The new science, until recently, was supposed to be a cure for all climate problems, and now it raises concerns. Frans Timmermans talks about them.
The issue of geoengineering, which was supposed to be a rescue for our planet from climate problems, has been loud for several years. Scientists alternately talked about the positive and negative effects of such a solution. It is very possible that research and first implementations in this field have already been introduced by as many as 50 countries, including the United States.
“These unknowns and ever-evolving understanding of Earth’s complex systems make a compelling case for research to better understand both the potential benefits and risks,” the White House report published less than a month ago said.
The European Commission has concerns
However, the European Commission has reservations about this solution. Frans Timmermans spoke about them two weeks ago.
“No one should conduct experiments alone on our common planet,” said the head of the European Union’s climate policy. – This should be discussed in the appropriate forum, at the highest international level – he added, probably referring to the ongoing NATO summit in Vilnius.
There are two types of geoengineering
It is important to note that geoengineering can be conducted in two directions. The first, less invasive and less controversial, concerns the removal of CO2 emissions from the atmosphere on an ongoing basis. The second, the one that Timmermans is concerned about, is SRM, i.e. Solar Radiation Modification, which consists in breaking the rays reaching the earth.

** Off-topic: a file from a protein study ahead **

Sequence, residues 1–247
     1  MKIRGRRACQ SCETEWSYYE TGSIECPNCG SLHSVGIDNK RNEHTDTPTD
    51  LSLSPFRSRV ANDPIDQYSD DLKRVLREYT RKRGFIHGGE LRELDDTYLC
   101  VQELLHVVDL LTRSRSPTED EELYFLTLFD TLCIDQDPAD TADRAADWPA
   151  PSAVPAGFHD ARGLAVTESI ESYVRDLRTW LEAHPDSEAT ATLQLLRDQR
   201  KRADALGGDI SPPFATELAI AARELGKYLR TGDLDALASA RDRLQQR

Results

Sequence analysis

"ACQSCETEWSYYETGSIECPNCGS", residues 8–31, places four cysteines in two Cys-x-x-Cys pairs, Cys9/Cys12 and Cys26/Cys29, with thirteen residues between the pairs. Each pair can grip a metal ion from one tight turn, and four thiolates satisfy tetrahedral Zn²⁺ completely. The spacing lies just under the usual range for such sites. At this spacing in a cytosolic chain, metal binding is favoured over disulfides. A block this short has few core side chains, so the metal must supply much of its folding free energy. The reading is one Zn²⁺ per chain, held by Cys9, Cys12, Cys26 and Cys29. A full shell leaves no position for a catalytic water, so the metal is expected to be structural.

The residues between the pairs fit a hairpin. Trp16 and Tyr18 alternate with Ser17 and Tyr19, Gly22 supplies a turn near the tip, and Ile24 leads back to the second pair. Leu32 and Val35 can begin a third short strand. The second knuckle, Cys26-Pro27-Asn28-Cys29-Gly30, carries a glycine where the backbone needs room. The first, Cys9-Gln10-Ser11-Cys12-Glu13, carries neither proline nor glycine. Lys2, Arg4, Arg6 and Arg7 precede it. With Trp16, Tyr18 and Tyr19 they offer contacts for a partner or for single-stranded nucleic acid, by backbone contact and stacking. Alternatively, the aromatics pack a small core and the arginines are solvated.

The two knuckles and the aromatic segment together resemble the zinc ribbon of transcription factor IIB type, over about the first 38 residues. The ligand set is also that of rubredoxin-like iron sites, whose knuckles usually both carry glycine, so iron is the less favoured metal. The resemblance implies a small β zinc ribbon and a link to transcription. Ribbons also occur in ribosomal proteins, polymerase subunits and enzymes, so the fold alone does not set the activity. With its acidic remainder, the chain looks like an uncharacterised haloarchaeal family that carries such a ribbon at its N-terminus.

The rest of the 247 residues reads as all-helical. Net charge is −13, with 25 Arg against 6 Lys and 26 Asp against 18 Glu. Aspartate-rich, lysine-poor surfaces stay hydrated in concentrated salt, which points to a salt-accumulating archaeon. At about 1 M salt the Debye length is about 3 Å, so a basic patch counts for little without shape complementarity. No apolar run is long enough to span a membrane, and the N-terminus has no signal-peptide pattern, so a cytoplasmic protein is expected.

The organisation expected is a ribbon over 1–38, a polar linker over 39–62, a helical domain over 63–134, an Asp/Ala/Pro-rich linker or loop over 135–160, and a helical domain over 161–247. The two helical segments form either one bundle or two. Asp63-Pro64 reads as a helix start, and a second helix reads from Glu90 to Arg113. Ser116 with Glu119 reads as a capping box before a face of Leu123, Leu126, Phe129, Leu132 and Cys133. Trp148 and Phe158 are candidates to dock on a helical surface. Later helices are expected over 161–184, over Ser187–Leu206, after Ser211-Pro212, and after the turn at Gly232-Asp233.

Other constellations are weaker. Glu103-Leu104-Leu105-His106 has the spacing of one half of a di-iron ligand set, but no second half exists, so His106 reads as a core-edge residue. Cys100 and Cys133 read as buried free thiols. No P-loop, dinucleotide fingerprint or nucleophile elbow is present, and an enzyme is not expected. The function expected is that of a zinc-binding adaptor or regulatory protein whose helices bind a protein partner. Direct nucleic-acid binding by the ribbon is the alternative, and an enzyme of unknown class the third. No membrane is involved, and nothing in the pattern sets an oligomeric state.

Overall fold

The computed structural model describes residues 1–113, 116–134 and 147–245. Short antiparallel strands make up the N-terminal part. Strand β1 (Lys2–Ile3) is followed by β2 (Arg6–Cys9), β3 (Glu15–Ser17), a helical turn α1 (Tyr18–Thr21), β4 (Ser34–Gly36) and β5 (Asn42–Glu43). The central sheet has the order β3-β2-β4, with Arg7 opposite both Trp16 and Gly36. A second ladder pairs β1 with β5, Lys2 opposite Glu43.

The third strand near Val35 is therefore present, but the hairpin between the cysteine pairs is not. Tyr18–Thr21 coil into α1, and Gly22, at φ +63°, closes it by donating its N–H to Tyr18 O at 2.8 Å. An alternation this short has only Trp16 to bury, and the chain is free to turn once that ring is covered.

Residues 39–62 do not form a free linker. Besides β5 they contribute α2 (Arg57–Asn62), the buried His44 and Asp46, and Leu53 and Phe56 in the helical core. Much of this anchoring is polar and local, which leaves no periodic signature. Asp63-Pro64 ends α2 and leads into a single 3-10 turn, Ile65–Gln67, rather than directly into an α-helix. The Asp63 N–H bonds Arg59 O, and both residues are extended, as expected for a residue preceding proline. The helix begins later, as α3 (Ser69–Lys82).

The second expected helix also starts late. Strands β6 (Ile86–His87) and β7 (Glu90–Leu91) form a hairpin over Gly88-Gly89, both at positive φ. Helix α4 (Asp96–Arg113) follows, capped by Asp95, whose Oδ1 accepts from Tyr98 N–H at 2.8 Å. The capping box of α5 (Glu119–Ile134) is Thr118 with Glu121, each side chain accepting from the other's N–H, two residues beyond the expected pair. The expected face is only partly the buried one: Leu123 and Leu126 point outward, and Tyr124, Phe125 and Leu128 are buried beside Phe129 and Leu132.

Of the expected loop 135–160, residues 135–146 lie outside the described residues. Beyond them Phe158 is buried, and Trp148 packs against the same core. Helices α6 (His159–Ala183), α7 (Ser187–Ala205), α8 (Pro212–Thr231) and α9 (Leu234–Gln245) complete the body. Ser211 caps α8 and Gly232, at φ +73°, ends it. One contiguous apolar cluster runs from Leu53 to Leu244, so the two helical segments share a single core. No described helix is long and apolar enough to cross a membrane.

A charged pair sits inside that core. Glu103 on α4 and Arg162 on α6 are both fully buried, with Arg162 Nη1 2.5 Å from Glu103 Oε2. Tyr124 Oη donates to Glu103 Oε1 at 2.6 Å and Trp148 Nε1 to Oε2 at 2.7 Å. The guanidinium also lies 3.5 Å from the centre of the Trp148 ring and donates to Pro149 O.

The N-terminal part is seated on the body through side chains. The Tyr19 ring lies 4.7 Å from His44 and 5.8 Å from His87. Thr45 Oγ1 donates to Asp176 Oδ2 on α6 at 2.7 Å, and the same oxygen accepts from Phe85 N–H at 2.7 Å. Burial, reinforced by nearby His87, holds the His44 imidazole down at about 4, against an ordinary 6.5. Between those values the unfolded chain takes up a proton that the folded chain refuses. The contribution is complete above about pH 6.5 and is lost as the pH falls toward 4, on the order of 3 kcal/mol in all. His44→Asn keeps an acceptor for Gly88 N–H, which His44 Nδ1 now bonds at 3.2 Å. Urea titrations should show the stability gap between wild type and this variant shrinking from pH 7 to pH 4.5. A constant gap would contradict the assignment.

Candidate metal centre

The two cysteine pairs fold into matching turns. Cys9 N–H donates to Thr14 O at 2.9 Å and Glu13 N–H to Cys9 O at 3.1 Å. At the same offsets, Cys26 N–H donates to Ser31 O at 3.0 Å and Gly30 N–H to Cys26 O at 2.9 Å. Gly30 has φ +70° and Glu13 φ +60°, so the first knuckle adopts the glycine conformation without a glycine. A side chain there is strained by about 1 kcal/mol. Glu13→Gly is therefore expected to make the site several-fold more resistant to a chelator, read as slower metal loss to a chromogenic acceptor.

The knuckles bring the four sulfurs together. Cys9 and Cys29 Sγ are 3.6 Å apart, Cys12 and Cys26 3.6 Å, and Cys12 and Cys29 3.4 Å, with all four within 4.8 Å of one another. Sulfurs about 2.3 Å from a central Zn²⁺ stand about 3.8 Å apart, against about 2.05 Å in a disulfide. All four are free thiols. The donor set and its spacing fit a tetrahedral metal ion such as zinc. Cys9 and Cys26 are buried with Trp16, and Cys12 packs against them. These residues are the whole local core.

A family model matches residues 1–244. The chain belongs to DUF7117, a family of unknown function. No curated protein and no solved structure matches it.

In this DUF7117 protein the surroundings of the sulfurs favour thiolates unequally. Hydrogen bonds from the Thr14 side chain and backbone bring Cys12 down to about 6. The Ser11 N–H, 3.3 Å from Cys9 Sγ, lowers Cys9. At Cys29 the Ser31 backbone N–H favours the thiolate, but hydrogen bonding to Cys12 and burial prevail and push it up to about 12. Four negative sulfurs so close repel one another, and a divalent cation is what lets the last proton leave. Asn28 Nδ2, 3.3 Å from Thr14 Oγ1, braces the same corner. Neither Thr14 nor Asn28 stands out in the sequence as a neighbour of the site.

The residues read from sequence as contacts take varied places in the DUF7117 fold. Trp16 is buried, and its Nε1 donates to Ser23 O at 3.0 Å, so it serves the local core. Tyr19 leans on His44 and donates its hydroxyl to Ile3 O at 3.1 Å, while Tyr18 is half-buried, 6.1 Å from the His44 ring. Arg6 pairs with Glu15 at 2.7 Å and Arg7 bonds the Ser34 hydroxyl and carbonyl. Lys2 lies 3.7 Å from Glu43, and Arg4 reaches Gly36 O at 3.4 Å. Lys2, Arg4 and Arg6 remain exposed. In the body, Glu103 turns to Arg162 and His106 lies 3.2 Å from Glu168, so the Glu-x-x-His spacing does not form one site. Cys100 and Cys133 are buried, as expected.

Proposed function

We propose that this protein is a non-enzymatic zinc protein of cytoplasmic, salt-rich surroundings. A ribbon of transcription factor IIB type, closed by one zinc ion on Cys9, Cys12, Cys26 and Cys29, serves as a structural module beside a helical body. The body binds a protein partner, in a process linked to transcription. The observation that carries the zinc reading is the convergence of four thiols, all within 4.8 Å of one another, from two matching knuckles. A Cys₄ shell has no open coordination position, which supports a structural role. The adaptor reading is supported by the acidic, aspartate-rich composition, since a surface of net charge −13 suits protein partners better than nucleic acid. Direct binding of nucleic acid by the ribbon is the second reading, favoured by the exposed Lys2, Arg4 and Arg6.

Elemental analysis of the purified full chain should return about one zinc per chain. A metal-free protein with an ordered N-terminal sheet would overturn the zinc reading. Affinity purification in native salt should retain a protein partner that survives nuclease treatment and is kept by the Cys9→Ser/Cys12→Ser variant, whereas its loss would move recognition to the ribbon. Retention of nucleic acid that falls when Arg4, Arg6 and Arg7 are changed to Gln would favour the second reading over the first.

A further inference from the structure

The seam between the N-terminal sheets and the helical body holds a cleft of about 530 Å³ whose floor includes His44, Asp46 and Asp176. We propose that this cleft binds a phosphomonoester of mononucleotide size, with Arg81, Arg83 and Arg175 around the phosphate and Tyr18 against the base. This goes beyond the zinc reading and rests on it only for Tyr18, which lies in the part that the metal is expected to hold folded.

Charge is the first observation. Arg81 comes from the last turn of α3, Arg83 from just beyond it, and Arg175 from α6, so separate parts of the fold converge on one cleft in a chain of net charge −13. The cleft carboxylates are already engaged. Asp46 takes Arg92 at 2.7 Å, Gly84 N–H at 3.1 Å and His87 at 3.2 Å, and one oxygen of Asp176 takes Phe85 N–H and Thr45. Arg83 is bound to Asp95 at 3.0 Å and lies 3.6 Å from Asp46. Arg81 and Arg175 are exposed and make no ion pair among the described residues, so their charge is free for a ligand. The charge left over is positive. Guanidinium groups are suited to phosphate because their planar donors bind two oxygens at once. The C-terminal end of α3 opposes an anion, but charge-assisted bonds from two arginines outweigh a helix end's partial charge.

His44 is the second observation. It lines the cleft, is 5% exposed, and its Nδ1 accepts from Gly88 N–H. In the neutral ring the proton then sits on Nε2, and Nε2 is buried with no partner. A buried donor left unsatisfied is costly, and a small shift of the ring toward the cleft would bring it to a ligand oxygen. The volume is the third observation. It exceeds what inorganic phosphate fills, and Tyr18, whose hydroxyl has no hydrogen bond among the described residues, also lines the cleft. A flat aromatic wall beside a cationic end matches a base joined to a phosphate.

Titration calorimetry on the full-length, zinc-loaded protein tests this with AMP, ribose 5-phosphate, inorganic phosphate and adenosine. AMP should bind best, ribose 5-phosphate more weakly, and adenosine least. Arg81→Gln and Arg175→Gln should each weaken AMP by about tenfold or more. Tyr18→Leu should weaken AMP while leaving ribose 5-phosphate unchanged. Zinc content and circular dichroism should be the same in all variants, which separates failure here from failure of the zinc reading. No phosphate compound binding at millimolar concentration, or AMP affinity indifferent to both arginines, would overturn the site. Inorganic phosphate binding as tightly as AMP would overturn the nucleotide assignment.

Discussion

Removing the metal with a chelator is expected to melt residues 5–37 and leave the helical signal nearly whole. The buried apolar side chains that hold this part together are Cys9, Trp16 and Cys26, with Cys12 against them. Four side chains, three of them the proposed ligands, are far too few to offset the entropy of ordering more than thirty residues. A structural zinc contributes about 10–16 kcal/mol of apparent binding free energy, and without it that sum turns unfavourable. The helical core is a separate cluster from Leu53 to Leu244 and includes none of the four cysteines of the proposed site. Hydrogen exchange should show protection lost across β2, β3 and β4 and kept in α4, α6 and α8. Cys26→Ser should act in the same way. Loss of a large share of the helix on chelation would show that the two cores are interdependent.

The opinions of scientists are divided
Emeritus professor at Imperia College in London, Joanna Haigh, told Reuters that there could be two risks from such an action. One fact is the physical fact that Timmermans mentions, and the other is the possible permission to continue polluting the planet in the hope of reducing the effect.
Governing geoengineering will be extremely complex, but necessary to regulate any future geoengineering technologies that could lower average global temperatures Haigh said.
Despite the threats, the workings of the new science are still being questioned.
“None of the proposed techniques can be realistically applied on a global scale in the coming decades. In other words, we cannot assume that they will contribute to keeping the increase in average temperatures below 2 degrees Celsius, much less below 1.5 degrees Celsius. ” – said Mark Lawrence, geoengineering researcher and director of the Institute for Advanced Research on Sustainable Development in Potsdam, Germany.